Bing is introducing a spam penalty against “inorganic site structure” violations, the search engine announced on Monday. The new penalty seeks to address tactics such as subdomain leasing, doorway content and sites that participate in private blog networks.
Where your website ends. To provide context for its new penalty, Bing provided two examples of typical website boundaries.
The first, and most common, boundary is defined by the domain, in which each page, subfolder and subdomain are all considered part of the same site.
In the second example, as seen below, each subdomain is considered its own website.
Defining website boundaries is particularly important because algorithms assign a different value to internal links than they do to external links.
“If your internal links are viewed as external, you can get a nice rank boost,” the blog post reads, “And if you can propagate some of the site-level signals to pages that don’t technically belong to your website, these pages can get an unfair advantage.”
Private blog and link networks. These scheme networks exist to manipulate search engines by artificially passing link equity to other sites so that those target sites rank higher.
Participating in private blog and link networks is already a violation of Bing’s link policy. “Going forward, it will be also in violation of our ‘inorganic site structure’ policy and may receive additional penalties,” the post reads.
Doorway and duplicate content. Bing has seen a rising trend in bad actors creating dozens of doorway sites to try to rank for different keyword sets, Frédéric Dubut, web ranking and quality project manager for Bing, recently told Search Engine Land. As illustrated below, these doorways, which are designed to look like several independent sites, redirect to the same destination, deceiving users who click through.
Since duplicate content is a common occurrence, Bing will be assessing the intent of such content before designating it a violation of its inorganic site structure policy.
Subdomain or subfolder leasing. The practice of leasing a subdomain to a different entity makes it difficult to discern how involved the main domain owner is, thus making it more difficult to tell whether the subdomain should be considered part of the main site.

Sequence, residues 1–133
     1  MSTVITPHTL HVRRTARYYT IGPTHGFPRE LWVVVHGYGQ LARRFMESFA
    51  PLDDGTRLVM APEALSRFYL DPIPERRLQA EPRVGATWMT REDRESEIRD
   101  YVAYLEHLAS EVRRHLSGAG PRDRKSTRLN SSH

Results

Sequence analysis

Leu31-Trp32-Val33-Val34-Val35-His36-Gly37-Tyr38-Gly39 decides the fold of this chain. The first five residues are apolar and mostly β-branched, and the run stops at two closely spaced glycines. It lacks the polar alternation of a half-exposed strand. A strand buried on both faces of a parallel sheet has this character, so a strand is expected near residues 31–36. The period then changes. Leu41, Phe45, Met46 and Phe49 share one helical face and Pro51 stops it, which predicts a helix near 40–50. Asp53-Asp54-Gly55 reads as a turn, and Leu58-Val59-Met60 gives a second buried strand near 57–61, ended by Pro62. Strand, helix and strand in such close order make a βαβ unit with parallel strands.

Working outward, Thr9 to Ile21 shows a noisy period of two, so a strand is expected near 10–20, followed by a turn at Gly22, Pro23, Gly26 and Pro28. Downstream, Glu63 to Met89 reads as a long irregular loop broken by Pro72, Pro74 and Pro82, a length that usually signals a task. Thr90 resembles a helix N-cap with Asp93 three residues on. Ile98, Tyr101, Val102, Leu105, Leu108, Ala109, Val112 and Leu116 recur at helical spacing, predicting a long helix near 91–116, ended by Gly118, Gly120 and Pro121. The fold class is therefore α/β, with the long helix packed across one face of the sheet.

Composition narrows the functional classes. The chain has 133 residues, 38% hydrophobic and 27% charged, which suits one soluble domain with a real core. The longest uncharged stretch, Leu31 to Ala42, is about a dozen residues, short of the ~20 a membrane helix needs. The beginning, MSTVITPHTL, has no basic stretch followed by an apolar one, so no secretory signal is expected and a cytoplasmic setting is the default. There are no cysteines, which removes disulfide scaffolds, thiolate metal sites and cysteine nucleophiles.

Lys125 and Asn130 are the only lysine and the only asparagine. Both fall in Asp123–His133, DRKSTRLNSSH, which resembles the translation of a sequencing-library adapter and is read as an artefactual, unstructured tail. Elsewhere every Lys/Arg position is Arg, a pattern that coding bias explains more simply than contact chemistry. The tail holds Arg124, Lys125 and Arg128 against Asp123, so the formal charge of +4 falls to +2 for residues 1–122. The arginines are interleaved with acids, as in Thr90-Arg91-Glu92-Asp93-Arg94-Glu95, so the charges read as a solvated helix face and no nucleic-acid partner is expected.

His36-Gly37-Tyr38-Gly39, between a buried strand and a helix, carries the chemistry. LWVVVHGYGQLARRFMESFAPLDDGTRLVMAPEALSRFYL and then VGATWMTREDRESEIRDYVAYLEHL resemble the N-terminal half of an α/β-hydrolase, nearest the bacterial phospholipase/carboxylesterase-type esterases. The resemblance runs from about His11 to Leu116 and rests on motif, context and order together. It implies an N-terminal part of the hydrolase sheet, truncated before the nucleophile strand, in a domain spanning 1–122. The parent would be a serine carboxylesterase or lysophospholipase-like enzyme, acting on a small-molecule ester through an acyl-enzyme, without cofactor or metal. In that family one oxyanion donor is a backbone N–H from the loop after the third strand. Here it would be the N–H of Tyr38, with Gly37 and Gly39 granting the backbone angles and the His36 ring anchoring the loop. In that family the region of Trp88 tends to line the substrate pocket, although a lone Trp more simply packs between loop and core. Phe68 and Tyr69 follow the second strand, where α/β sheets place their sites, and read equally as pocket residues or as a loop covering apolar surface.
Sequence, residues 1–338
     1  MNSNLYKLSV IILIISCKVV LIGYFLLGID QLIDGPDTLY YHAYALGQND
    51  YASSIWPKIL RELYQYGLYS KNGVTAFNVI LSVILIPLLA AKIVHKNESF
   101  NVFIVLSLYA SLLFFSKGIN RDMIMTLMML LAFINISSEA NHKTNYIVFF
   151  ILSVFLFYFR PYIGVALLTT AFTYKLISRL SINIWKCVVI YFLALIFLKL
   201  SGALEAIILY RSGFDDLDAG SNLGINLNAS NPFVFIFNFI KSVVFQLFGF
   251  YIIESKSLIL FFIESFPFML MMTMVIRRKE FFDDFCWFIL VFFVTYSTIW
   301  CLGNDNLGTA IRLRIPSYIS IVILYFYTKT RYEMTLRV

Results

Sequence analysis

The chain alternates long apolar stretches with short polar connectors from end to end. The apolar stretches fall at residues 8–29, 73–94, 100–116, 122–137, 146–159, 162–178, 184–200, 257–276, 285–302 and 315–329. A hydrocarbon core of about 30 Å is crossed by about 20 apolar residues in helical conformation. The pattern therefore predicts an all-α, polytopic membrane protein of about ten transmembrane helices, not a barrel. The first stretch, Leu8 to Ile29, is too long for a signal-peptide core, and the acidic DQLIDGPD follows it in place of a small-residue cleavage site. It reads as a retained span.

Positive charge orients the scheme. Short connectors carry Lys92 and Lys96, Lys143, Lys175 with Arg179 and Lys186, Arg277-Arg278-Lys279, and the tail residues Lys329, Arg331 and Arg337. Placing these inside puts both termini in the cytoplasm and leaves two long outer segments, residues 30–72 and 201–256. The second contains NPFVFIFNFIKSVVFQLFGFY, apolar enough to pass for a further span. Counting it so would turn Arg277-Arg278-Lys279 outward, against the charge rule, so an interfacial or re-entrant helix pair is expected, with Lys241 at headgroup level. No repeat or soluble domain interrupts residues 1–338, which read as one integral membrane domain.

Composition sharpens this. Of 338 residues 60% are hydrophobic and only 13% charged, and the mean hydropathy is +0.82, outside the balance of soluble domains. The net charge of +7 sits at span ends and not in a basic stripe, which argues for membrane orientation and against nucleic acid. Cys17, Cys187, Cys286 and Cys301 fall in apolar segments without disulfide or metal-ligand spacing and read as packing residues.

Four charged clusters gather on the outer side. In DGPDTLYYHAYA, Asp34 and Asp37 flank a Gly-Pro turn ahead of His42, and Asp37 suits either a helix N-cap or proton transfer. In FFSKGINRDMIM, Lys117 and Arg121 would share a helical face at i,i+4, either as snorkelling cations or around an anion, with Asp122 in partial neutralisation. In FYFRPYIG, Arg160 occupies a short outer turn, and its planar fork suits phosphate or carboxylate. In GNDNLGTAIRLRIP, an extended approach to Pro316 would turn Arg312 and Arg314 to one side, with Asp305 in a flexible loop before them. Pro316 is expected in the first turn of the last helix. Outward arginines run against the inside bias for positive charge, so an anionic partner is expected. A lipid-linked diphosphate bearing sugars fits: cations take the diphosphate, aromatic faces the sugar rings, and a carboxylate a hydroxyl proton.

A lack of easily accessible, direct navigation between the main site and the subdomain was a commonality between the cases Bing reviewed. “Therefore, the intent was clearly to benefit from site-level signals, even though the content on the subdomain had very little to do with the content on the rest of the domain,” the post reads.
Bing acknowledged that some consider allowing a third party to rent and operate a subdomain to be a legitimate way to monetize a website.
“However, in this case the practice equates to buying ranking signals, which is not much different from buying links. Therefore, we decided to consider ‘subdomain leasing’ a violation of our ‘inorganic site structure’ policy when it is clearly used to bring a completely unrelated third-party service into the website boundary, for the sole purpose of leaking site-level signals to that service.”
For the majority of subdomain leasing cases, the penalty would be confined to the leased subdomain and not the root domain.
Why we should care. The violations mentioned above may be tempting shortcuts, and, apparently, enough site owners have resorted to them as to warrant a new penalty. Regardless of what new, questionable tactic you stumble across, know that getting caught can have dire consequences for your organic visibility or may even result in delisting — and there’s no shortcut for coming back from that.
As a site owner, you may also be held responsible for content hosted under your domain. “Taking an extreme case, if you offer free hosting on your subdomains and 95% of your subdomains are flagged as spam, we will expand penalties to the entire domain, even if the root website itself is not spam,” the post reads. Penalties may also be generalized for subfolders or subdirectories that Bing suspects have been hacked.